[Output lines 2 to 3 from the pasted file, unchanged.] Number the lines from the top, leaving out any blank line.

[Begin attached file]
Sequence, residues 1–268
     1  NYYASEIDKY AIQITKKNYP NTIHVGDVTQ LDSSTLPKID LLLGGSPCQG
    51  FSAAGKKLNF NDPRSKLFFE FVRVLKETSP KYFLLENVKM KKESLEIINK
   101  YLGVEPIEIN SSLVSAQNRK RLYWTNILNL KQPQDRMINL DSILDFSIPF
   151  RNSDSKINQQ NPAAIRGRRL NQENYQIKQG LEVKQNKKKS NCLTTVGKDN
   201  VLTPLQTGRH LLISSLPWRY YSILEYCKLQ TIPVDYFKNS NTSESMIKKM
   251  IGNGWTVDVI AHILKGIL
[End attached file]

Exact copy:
     1  NYYASEIDKY AIQITKKNYP NTIHVGDVTQ LDSSTLPKID LLLGGSPCQG
    51  FSAAGKKLNF NDPRSKLFFE FVRVLKETSP KYFLLENVKM KKESLEIINK